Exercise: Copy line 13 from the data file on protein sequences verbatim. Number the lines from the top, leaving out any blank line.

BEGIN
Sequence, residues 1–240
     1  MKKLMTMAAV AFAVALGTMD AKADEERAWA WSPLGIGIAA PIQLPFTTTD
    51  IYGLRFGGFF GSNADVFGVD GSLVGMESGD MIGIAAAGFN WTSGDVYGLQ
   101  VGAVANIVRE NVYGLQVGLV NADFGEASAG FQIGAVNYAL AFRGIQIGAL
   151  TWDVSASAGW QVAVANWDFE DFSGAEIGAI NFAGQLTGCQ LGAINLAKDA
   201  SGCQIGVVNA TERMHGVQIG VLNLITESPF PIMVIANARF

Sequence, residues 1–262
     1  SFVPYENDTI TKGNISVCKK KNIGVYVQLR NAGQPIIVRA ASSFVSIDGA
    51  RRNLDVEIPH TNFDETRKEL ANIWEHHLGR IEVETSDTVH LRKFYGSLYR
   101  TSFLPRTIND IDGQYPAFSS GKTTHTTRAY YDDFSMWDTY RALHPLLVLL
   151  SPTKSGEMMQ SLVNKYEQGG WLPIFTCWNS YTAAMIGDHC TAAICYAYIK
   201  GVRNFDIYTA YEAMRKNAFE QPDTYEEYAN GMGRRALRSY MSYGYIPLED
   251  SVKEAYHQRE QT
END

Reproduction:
   251  SVKEAYHQRE QT